Online footage appears to show workers rioting at Foxconn's iPhone making plant in Zhengzhou, China.
The mass protests are the latest escalation of tensions over China's COVID-19 measures at the plant.
The clips show swarms of angry workers shoving and charging guards at the factory.
Videos on social media appear to show hundreds of workers clashing with security guards at Apple's biggest iPhone-making factory in China, as discontent erupts over draconian COVID-19 measures at the plant.
Workers at Foxconn's Zhengzhou plant can be seen swarming the factory grounds and charging guards wearing white hazmat suits.
Insider was unable to independently verify when or where the videos were taken.
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The violent protests began early Wednesday Beijing time, Bloomberg reported, citing an unnamed witness at the factory who also sent clips of the incident to the outlet. According to the outlet, one video shows guards beating a person on the ground with sticks.
The riots occurred over unpaid wages and workers' concerns that they would be infected by COVID-19, the witness told Bloomberg. Authorities deployed anti-riot police to restore order, the witness also said, according to Bloomberg.
One livestream showed clouds of smoke being dispensed from a police vehicle, as a person shouted that tear gas and smoke bombs had been deployed, Agence France-Presse reported.
In a statement to Insider titled "regarding social media videos of unrest in Zhengzhou," Foxconn said it would work to "prevent similar incidents" of violence in the future.
"Regarding any violence, the company will continue to communicate with employees and the government to prevent similar incidents from happening again," the statement read.
It added that some of its new hires at the Zhengzhou facility raised concerns about work allowances, which the company said have "always been fulfilled." Foxconn also said online speculation that infected employees are living at its Zhengzhou dormitories are "patently untrue."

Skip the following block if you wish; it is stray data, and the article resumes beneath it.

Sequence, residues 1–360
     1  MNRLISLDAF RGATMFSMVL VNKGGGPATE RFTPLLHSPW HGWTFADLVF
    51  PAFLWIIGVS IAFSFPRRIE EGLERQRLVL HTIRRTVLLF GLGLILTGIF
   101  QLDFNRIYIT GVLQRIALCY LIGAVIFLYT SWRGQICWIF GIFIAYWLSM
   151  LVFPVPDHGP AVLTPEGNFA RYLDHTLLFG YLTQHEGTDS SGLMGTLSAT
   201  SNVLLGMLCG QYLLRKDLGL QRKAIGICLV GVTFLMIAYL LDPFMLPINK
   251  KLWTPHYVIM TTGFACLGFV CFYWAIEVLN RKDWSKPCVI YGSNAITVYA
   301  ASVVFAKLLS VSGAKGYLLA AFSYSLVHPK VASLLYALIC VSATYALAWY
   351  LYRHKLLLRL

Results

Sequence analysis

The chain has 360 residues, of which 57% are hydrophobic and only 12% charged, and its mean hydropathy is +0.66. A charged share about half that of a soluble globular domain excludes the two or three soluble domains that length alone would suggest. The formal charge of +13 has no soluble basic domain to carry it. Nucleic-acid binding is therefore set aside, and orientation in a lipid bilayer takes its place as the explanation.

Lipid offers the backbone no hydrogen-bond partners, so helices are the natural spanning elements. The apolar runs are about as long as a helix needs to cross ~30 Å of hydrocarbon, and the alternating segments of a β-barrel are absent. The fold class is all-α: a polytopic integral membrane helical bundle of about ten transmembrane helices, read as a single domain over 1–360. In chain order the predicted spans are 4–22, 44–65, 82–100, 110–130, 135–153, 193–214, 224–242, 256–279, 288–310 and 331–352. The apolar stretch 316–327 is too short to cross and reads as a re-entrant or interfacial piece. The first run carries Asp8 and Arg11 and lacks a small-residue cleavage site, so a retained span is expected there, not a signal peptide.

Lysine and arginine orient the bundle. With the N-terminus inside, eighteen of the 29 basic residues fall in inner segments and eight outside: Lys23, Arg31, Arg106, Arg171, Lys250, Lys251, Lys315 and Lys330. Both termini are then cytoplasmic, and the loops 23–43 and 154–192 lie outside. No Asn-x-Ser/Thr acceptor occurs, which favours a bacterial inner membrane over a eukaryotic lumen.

Apple did not immediately respond to Insider's request for comment.
At the start of October, Foxconn's Zhengzhou plant employed around 200,000 workers, many of whom come from rural villages and towns but live in company-run dormitories.
Tensions at the plant have repeatedly flared over the last month as the facility struggled to quell a COVID outbreak in accordance with China's strict zero-COVID policy.
The southern Chinese city of Guangzhou also saw unrest over coronavirus restrictions, with crowds marching on the streets and breaking down quarantine barriers on November 15. The protests were concentrated in the Haizhu district, where many residents are poorer laborers concerned of food shortages and rising prices as they were barred from work, per the BBC.
Tensions have been brewing at the Zhengzhou plant since October
Foxconn said on October 26 that its Zhengzhou plant was dealing with a COVID outbreak, per the South China Morning Post. Other districts in Zhengzhou city were also fighting outbreaks, and locked down as well.
Throughout this period, the plant adopted a "closed loop system," under which workers are transported directly from their dormitories to the factory and back. The system allows the plant to keep running while attempting to stamp out the coronavirus.
On October 31, videos emerged of workers fleeing the factory due to food shortage concerns and discontent over the curbs. Reuters reported that developments at Foxconn's plant could cut its iPhone production by 30% ahead of the holiday season. The Zhengzhou factory makes the majority of Apple's global iPhone shipments.
Foxconn later denied claims on social media that several of its workers died from COVID-19 at the plant, calling footage of protesting workers "maliciously edited." The company temporarily raised wages and increased bonuses for workers in a bid to entice them to return.
Provincial authorities also asked retired soldiers and government workers from neighboring cities to work at the Zhengzhou plant, saying they can receive their current salaries and additional wages from the factory, Reuters reported on November 16.
November 23, 2022: This story was updated to reflect comment from Foxconn.
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